It’s the kind of hope that says and has no need to scream: I am Hope that is Certain. I am Hope that needs no karma. I am Hope that has no shame. I am Hope that always becomes the hero.

They told you a long time ago that you’ll be hated because when They run from the flames roaring from the ditch, and you kick off your shoes and run right towards the heat – that you’d never belong. They’d always hate you for running back and never running away.

Two glasses lady, and you’re worthless. You’re almost thirty and you can’t be trusted.

They’d tell you to turn your cape in. Just settle.

But when your cape is your heart, you just can’t tear it out.

Comics are Up!

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Hawk and I have finally compiled the illustrated versions of some of these stories with more to come.

You can check it out here:

The First Bubble

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       I’m eight and I can’t wait to grow up. When I see my parents and their friends, with their towering legs and confident smiles; I really want to grow up. Those grown ups pile me into minivans and take me to my favorite sports and activities. I get to scream down a water slide, I take a chance on a three legged race and I throw my first frisbee to a teenager who is undoubtedly humoring me and my exuberance. I can’t tell his smile is fake yet, I’m not even aware there’s a scale that tips to the side of unjust behavior. Because, right then, I’m eight and everything is fair. Even when my sister gets the Red Ranger, it’s fair because my mother says so and I can accept that. My mother is an adult, and they have experiences I’ve never even cracked a book that alludes to them.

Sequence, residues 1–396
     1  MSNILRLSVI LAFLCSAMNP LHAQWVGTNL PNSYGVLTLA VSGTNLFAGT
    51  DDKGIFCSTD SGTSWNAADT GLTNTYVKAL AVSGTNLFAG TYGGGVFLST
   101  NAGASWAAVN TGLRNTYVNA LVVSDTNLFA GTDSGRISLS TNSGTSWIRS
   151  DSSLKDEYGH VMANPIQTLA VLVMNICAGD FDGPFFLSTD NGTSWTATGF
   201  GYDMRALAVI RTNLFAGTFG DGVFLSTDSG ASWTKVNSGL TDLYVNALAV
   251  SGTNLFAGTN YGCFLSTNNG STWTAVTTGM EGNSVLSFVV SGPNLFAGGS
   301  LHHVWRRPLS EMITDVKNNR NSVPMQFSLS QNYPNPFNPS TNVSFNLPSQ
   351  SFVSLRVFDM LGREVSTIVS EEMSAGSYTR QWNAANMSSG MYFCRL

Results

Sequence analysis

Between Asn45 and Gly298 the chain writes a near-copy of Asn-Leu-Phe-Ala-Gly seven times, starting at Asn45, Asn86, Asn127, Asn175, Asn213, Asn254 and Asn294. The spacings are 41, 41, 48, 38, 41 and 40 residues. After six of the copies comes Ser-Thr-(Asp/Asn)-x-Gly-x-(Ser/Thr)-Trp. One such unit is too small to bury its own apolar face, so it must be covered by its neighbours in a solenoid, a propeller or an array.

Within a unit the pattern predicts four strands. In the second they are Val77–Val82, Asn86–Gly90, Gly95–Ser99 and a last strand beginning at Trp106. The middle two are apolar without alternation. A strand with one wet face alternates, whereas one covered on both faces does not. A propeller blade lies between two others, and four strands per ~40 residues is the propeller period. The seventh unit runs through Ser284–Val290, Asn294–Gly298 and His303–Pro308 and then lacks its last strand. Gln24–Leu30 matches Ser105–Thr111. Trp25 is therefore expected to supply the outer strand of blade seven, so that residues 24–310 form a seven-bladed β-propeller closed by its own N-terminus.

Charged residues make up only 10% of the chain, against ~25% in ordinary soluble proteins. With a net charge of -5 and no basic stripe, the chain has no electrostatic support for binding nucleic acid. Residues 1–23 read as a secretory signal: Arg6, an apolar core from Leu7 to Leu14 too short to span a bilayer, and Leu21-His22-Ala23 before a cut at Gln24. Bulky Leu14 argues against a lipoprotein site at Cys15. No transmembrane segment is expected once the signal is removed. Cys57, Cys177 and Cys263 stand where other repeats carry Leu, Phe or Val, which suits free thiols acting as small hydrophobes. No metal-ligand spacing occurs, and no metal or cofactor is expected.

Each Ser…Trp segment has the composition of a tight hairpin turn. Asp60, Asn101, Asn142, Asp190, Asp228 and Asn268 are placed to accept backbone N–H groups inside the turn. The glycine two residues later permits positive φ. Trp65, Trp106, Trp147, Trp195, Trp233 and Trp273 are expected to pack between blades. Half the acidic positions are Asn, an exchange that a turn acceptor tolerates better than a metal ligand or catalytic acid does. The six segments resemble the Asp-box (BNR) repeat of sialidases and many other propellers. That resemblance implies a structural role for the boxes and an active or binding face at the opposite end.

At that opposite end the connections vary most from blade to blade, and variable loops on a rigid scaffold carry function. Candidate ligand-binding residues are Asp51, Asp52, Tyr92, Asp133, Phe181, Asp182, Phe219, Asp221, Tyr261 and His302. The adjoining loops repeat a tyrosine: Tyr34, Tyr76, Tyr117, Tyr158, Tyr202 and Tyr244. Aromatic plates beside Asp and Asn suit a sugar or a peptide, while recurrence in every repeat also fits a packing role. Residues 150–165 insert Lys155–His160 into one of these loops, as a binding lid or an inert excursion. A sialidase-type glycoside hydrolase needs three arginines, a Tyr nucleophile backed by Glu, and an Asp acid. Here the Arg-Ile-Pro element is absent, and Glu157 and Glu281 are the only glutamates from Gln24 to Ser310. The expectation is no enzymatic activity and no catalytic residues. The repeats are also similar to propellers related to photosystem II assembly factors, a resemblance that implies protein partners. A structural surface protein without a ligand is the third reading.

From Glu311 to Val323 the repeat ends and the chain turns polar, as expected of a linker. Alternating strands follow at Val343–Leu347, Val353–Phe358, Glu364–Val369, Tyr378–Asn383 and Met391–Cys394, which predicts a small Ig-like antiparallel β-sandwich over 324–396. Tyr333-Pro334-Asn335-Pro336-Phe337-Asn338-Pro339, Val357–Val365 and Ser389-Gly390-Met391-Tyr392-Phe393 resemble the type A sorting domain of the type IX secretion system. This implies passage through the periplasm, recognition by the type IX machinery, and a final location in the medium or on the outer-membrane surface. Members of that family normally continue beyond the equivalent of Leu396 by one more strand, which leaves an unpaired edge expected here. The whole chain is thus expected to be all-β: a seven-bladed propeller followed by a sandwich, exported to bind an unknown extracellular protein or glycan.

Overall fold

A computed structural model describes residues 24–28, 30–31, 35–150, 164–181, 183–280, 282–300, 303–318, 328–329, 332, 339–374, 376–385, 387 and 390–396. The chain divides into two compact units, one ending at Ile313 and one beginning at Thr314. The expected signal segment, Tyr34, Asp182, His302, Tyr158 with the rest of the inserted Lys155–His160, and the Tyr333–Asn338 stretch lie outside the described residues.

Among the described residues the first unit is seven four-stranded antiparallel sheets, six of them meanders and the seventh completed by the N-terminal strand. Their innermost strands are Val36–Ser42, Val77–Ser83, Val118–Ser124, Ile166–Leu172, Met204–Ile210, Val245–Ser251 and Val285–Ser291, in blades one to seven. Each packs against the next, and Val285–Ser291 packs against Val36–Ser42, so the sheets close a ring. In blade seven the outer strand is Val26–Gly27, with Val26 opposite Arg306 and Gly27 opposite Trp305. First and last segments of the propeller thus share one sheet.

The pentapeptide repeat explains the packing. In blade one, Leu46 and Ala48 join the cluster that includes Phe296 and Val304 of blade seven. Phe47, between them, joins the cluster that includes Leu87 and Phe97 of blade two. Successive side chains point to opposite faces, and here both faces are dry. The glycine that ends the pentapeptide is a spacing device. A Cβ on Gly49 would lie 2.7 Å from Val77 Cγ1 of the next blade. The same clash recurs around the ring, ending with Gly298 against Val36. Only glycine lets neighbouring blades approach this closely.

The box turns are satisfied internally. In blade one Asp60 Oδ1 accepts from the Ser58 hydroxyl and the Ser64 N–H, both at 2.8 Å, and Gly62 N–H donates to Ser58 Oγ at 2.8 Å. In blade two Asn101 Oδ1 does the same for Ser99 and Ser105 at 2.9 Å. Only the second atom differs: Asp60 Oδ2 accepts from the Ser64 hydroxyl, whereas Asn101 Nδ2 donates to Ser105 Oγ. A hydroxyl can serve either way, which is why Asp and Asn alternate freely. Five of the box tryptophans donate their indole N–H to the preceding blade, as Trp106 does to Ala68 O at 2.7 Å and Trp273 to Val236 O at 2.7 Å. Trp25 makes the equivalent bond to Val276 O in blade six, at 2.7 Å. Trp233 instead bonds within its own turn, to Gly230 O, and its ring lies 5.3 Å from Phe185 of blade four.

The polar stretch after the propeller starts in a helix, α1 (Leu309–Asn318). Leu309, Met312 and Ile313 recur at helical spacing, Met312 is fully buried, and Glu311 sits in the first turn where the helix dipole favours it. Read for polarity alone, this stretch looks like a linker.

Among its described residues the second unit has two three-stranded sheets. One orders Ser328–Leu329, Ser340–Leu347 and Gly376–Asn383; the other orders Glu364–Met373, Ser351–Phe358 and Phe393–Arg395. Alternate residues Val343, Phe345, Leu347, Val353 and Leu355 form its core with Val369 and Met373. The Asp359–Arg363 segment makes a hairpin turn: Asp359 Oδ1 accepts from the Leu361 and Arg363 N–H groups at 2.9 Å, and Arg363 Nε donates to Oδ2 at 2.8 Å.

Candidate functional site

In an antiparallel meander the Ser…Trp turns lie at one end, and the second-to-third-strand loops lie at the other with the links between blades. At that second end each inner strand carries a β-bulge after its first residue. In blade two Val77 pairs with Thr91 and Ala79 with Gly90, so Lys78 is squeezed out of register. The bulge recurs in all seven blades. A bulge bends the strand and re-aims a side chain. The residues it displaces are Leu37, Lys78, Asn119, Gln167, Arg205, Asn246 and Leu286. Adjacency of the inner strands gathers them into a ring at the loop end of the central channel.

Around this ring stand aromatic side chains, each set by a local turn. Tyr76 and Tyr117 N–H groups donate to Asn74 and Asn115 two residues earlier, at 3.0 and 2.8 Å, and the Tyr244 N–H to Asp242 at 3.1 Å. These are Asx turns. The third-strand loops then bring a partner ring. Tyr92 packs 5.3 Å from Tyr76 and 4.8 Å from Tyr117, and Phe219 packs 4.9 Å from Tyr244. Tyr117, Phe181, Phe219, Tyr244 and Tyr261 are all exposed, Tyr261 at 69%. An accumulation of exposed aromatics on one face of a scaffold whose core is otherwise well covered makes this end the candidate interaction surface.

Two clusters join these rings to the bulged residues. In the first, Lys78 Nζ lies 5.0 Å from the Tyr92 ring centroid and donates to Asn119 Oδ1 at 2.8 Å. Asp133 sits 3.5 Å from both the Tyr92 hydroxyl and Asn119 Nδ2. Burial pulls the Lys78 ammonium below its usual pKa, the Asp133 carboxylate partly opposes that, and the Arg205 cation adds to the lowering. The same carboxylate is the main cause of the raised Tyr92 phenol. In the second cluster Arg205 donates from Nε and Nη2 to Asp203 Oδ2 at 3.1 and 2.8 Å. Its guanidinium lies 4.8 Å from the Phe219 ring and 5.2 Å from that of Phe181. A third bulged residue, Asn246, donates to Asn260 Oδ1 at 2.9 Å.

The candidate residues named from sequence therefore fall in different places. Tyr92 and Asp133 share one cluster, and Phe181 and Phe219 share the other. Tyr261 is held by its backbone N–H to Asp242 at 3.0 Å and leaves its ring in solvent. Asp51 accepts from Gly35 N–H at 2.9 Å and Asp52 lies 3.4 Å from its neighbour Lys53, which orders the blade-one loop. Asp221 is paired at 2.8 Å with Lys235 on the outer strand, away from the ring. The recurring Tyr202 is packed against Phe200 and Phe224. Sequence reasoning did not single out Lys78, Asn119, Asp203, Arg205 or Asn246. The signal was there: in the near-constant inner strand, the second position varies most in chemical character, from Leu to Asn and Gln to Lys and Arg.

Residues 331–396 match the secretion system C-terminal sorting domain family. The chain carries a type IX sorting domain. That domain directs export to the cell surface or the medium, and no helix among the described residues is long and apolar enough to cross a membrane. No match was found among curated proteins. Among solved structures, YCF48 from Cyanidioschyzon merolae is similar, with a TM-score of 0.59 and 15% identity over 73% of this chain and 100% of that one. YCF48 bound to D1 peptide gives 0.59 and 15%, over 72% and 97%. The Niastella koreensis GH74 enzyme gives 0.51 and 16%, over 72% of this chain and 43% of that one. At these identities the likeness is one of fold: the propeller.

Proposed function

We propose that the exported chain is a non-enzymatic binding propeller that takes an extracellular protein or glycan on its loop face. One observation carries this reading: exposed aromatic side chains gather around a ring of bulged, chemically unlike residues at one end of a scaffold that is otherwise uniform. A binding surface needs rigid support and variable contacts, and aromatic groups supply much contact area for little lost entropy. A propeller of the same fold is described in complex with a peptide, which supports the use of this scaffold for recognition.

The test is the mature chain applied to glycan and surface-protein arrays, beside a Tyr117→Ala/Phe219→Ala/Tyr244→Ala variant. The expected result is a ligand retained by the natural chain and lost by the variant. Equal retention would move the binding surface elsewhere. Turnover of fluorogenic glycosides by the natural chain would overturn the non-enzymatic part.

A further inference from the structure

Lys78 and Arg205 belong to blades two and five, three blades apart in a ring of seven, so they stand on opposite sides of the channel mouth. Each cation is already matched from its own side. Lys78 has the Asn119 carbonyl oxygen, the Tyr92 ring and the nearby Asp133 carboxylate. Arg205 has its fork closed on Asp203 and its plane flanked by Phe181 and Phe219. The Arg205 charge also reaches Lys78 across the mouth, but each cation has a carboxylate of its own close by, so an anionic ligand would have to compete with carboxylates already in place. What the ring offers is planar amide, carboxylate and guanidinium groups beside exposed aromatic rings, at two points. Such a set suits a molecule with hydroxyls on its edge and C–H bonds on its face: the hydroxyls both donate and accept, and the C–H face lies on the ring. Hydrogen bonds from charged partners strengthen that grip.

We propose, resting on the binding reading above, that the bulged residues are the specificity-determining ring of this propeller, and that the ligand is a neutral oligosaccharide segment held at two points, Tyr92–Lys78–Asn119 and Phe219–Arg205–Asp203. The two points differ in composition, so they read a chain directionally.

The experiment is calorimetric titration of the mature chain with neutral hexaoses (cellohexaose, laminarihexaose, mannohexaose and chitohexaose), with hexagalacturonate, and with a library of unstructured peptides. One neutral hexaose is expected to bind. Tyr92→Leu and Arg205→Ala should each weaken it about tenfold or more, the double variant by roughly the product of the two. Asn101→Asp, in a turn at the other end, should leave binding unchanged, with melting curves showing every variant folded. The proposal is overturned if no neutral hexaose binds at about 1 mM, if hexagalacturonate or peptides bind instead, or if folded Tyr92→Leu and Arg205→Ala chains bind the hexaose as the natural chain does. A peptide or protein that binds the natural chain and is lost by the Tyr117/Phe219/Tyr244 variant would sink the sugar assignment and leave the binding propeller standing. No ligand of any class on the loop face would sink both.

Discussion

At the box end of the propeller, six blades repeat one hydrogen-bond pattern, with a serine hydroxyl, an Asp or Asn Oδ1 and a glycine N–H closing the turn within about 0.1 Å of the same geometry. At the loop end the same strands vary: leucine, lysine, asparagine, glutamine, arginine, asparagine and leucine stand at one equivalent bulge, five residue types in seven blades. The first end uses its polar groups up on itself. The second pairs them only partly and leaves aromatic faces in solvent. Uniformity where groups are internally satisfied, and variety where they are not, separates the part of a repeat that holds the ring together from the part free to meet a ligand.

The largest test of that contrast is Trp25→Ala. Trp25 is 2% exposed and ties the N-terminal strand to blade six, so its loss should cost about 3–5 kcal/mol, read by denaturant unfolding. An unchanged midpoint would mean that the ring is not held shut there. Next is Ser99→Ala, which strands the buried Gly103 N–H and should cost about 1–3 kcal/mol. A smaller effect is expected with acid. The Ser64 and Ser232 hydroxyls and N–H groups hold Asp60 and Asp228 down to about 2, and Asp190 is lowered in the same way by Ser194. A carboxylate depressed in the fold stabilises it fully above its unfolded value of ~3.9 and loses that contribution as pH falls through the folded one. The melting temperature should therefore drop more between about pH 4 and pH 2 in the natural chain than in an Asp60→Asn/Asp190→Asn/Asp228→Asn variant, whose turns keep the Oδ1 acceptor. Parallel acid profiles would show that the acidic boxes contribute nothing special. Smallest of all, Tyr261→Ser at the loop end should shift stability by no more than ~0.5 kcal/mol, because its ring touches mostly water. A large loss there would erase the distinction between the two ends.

Then I turn nine and I’m all legs, freckles and nose. I’m the kid with the big mouth, but it’s a big mouth with a smile. It runs like a child downstairs to a christmas tree, but I’m nine and all I want to do is share everything I just saw and know with everyone I just met. But, being nine and excitable it’s inventible that I’m clumsy as well. I get so busy wanting to catch your eyes, your attention, so we can share and enjoy this life together. Sometimes I knock things over, because when you’ve got a unstoppable mouth, it doesn’t give your brain much room to organize a space for coordination. So, to break it down – I’m nine along with being a furniture and porcelain collectable hazard.